A daily newsletter guide to what is happening on your screens - TV, streaming, movies, games, VR, AR
Dan Barrett is an industry commentator & TV critic. He does radio - 4BC & ABC GC and co-hosts the Screen Watching podcast. He's a former Mediaweek deputy editor and content creator for SBS.
Frasier is coming back for a new series. With Niles?
ALSO: Wakanda Forever: The Series. AND: RIP Screech.
Frasier to return in another series. With Niles.
Kelsey Grammer has been working on a new Frasier Craneseries for several years now, reprising the character he’s played through two of TV’s biggest long-running hits - Cheers and Frasier.
*I* had assumed that the plan was dead, with Grammer signing on to star in a new sitcom opposite Alec Baldwin. But apparently not. Instead there’s word today that the new series is being set up for new streaming service Paramount+. And what more - David Hyde-Pierce is in talks to come with him.
Grammer met with a number of writers for the Frasier followup. The series, now in consideration at Paramount+, hailing from Joe Cristalli and Chris Harris, sources said.
Surely the inclusion of David Hyde-Pierce also means Jane Leeves returning as Daphne Moon? Not having her in the show would mean she either died or got divorced from Niles. Both options are incredibly sad and disappointing.
Unlikely TV star Dustin Diamond has died, aged 44. Diamond followed the trajectory of many child stars - after breaking out on the kids comedy series Saved By The Bell and starring in that show, along with several spin-offs (The College Years and The New Class), Diamond struggled to find work as an adult. As a child actor, he was also a bit unique in that he wasn’t famous for being adorable - he was a weird kid. And we all loved him for flying his freak flag.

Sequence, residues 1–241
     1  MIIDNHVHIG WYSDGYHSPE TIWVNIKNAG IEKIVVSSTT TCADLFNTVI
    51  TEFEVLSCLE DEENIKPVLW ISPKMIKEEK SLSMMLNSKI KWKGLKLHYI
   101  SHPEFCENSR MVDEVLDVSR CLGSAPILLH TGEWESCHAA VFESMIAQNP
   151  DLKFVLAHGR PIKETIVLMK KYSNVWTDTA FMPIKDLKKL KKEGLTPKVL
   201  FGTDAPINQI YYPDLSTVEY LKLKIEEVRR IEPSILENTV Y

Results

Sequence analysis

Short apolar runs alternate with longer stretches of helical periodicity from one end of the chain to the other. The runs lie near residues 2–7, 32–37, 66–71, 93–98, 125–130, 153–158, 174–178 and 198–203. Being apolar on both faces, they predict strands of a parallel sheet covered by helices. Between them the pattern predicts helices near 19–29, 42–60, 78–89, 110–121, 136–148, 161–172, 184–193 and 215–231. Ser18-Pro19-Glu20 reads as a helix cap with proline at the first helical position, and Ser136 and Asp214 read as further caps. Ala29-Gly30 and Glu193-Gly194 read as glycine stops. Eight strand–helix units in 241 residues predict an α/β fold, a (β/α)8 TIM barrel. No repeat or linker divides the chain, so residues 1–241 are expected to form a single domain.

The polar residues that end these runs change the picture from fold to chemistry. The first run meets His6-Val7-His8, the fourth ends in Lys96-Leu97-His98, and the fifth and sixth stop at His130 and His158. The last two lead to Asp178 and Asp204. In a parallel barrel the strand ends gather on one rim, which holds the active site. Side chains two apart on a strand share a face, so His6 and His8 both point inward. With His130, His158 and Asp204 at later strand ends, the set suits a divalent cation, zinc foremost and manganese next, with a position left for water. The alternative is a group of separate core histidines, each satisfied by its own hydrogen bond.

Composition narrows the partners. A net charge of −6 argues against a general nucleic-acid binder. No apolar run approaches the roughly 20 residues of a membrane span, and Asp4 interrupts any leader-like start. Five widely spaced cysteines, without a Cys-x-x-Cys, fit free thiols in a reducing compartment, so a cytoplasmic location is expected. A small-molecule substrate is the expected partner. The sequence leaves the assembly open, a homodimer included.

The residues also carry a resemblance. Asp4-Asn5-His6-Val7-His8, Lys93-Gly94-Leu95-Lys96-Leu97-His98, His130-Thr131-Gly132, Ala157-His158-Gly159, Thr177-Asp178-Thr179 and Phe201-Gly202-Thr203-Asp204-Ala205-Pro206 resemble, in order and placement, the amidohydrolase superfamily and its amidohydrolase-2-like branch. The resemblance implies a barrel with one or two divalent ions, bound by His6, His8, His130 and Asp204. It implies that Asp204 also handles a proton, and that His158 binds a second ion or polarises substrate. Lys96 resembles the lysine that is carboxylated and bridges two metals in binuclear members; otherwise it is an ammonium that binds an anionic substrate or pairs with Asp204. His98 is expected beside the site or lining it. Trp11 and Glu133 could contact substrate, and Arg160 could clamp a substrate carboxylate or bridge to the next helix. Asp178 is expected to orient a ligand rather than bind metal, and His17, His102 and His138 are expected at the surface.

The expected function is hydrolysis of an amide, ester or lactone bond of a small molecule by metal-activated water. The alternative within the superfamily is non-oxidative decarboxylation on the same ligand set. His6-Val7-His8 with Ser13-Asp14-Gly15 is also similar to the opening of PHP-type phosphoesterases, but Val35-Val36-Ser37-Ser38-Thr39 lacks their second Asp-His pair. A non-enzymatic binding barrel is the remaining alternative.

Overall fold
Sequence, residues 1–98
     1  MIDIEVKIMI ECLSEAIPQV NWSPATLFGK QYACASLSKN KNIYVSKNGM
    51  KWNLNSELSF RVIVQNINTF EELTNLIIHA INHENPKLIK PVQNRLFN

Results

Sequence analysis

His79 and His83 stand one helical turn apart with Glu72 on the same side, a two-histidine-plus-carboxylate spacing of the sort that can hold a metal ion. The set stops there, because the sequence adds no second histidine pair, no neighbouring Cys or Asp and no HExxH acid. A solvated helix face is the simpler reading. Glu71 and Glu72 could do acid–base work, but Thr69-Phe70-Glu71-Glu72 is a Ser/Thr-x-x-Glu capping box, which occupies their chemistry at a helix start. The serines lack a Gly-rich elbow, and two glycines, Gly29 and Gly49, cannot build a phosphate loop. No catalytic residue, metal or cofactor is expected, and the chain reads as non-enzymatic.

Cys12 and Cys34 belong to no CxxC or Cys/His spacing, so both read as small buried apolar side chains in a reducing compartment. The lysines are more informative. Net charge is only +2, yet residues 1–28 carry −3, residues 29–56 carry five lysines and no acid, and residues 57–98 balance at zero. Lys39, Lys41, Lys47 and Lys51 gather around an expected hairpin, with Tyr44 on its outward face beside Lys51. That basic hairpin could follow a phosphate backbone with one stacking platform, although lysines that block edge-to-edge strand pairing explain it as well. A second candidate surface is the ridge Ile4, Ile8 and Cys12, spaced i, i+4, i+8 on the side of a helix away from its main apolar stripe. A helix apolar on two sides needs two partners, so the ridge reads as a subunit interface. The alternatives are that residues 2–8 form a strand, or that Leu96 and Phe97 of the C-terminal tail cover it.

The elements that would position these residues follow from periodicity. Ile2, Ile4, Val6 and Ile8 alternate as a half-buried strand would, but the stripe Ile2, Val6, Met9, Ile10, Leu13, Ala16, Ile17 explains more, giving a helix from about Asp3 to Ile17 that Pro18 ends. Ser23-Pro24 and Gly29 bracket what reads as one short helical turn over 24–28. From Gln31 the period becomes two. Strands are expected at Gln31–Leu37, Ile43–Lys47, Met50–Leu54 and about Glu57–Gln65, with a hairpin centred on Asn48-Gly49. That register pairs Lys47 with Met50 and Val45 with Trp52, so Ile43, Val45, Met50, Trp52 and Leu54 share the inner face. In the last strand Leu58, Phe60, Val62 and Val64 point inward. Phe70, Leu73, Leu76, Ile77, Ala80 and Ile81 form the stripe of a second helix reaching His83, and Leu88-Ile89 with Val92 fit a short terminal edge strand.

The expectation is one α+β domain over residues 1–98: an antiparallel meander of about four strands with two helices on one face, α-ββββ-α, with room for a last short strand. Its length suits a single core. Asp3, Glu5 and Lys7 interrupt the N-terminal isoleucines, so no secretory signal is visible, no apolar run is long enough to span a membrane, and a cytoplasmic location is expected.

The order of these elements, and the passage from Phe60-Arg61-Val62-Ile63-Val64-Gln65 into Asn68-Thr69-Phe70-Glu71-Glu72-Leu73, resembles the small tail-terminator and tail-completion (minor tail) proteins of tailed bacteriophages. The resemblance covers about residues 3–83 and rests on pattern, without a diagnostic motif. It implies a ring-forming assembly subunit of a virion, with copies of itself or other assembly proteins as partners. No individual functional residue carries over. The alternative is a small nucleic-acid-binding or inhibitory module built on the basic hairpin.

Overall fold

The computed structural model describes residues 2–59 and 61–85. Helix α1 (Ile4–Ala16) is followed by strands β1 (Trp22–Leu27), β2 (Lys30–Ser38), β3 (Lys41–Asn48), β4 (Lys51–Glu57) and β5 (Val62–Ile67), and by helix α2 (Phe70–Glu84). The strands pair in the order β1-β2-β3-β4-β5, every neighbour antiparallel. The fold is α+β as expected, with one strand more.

After the series ended, Mr. Diamond became known for post-stardom troubles, and spoke openly about his struggles finding work.
“The hardest thing about being a child star is giving up your childhood,” Mr. Diamond said in 2013 on “Oprah: Where Are They Now?” While he was working on “Saved by the Bell,” he said, he feared being replaced, saying, “You don’t get a childhood, really.”
After the series ended, he said: “I didn’t really know what I was going to do. It was hard to get work that wasn’t Screech-cloned stuff.”
He added: “I had been working for the last 10 years, every single week and I felt lost. As I mature I realize, wow, I was kind of going through my rebellious teens in my 20s.”
TV legend Allan Burns has died, aged 85. He was one of those great talents that seems to have been there for every iconic TV show at some stage, but please take a moment to consider how instrumental he was in evolving and maturing TV as an artform. He was best known as the co-creator of The Mary Tyler Moore Show alongside James L. Brooks.
Burns started out working for animator Jay Ward onRocky and his Friendsand The Bullwinkle Show, but later went on to write on shows like Get Smart and co-created Rhoda, Lou Grant, The Munsters, and My Mother The Car.